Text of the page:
Formation of a One Person Company (OPC): Empowering Solo Entrepreneurs.
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Welcome to Trisuka, your trusted advisor in business formations. In this article, we will provide you with valuable insights into the formation of a One Person Company (OPC). Discover what an OPC is, the necessary documents required, the step-by-step process, eligibility criteria, and the pros and cons of choosing this business structure.


One Person Company Registration

A One Person Company (OPC) is a unique form of business organization that allows a single individual to establish a company with limited liability. It offers entrepreneurs the opportunity to run their business as a separate legal entity, providing the advantages of limited liability and perpetual succession. OPCs are regulated by the Companies Act, 2013, and offer a viable option for sole proprietors to enter the corporate world.

To establish an OPC, certain documents need to be prepared and submitted. These include:

  • Memorandum of Association (MoA): It outlines the main objectives and activities of the OPC.
  • Articles of Association (AoA): This document contains rules and regulations governing the internal management and operation of the OPC.
  • Director Identification Number (DIN): The sole member of the OPC must obtain a unique DIN from the Ministry of Corporate Affairs (MCA).
  • Digital Signature Certificate (DSC): Digital signatures are required for electronically signing various documents throughout the registration process.
  • Address Proof: The sole member must provide address proof documents such as Aadhaar card, passport, voter ID card, or driver’s license.
  • Proof of Registered Office: A document confirming the registered office address, such as a utility bill or rental agreement, must be submitted.

The process of forming an OPC involves the following steps:

  • Name Approval: Select a unique name for the OPC and apply for its approval with the Registrar of Companies (ROC).
  • Obtaining Director Identification Number (DIN): Apply for a unique DIN for the sole member of the OPC.
  • Digital Signature Certificate (DSC): Obtain a DSC for the sole member.
  • Filing Incorporation Documents: Prepare and submit the necessary incorporation documents, including the MoA, AoA, and the application for OPC registration, to the ROC.
  • Payment of Fees: Pay the requisite fees to the ROC along with the incorporation documents.
  • Certificate of Incorporation: Upon successful review and verification, the ROC issues the Certificate of Incorporation, officially establishing the OPC.

To register an OPC, the following eligibility criteria must be met:

  • Only an Indian resident can form an OPC.
  • An individual can be a member of only one OPC at a time.
  • The sole member must appoint a nominee who will become the member in case of the original member’s incapacity or death.
  • Limited Liability: The sole member’s personal assets are protected, and their liability is limited to the extent of the company’s capital.

  • Separate Legal Entity: An OPC has its own legal identity, distinct from the sole member. This enables easier transfer of ownership and better credibility in business transactions.

  • Perpetual Succession: The OPC continues to exist even if the sole member changes or passes away, ensuring continuity and easier succession planning.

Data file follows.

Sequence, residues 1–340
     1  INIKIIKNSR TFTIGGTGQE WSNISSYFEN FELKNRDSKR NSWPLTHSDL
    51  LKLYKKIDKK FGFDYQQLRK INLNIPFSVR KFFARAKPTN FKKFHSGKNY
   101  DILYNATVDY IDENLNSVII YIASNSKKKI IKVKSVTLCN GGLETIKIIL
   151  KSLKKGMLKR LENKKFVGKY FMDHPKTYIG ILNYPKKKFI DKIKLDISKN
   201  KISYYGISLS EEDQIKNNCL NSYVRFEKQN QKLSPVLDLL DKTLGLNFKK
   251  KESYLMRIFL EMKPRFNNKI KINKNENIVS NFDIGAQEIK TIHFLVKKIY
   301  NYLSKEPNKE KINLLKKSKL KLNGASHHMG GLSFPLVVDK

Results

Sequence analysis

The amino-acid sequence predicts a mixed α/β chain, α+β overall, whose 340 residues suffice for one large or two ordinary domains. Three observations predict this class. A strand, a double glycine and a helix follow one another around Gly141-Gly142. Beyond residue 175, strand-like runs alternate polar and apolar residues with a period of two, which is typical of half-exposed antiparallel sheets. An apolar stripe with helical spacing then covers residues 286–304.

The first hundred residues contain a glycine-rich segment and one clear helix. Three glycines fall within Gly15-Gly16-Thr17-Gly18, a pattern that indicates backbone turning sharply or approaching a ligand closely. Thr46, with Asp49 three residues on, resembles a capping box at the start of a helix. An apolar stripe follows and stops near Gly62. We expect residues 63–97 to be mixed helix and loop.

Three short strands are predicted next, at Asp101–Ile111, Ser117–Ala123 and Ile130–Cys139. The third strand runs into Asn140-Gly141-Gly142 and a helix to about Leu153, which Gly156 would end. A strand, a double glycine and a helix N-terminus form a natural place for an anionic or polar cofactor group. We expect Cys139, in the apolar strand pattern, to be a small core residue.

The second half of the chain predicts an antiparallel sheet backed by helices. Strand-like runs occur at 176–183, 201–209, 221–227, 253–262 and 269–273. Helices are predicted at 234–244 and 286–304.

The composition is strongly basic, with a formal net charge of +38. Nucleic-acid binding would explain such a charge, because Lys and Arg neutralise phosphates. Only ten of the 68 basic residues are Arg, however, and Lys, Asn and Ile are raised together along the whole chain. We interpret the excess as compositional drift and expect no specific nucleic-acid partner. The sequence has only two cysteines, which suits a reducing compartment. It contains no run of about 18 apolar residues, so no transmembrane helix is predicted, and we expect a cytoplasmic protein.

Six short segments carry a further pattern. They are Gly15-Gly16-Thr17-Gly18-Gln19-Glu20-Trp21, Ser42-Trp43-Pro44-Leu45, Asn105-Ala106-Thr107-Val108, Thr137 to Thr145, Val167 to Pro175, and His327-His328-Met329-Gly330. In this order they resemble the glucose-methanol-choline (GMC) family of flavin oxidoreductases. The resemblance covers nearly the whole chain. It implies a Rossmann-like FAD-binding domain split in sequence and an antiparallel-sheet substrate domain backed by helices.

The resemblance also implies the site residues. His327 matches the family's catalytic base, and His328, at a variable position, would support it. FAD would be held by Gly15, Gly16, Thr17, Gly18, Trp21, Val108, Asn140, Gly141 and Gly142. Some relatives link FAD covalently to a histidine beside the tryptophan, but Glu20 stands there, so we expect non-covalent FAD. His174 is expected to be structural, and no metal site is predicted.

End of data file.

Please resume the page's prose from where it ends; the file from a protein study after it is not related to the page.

• Fewer Compliance Requirements: OPCs have relatively fewer compliance obligations compared to other company structures, making it easier for sole entrepreneurs to manage.

  • Restricted Capital Infusion: OPCs have limitations in raising funds. They cannot issueshares or invite investments from outside investors. The sole member’s contribution is the primary source of capital.

  • Mandatory Conversion: An OPC must be converted into a Private Limited Company if its paid-up capital exceeds the threshold specified by the government or if its average annual turnover exceeds a certain limit within three consecutive financial years.

  • Limited Legal Recognition: Despite being a separate legal entity, OPCs may face challenges in terms of legal recognition and credibility compared to larger corporate entities.

  • Compliance Requirements: While OPCs have fewer compliance requirements than other company structures, they still need to adhere to statutory obligations such as maintaining proper accounting records, filing annual financial statements, and conducting annual meetings.



  1. Can a Foreign National or NRI form an OPC in India?
    No, only Indian residents are eligible to form an OPC. Foreign nationals and NRIs are not allowed to incorporate an OPC.

  2. Can an OPC be converted into a Private Limited Company?
    Yes, an OPC can be voluntarily converted into a Private Limited Company if it exceeds the prescribed thresholds in terms of capital or turnover. The conversion process involves complying with the necessary legal requirements and procedures.

  3. Can an OPC have more than one director?
    While an OPC can have more than one director, it can have only one sole member. Additional directors can be appointed to assist with the management and operation of the OPC.

  4. Can an OPC be converted into a Partnership or LLP?
    No, an OPC cannot be converted into a Partnership Firm or Limited Liability Partnership (LLP). Conversion is only permitted to a Private Limited Company.

  5. Is it necessary to have a physical office for registering an OPC?
    Yes, an OPC must have a registered office address in India. It can be a commercial or residential space, and documentary proof of ownership or permission to use the premises must be provided during registration.

**Please note that while these answers provide a general understanding, it is always advisable to consult with professionals or legal experts for specific guidance to your unique circumstances.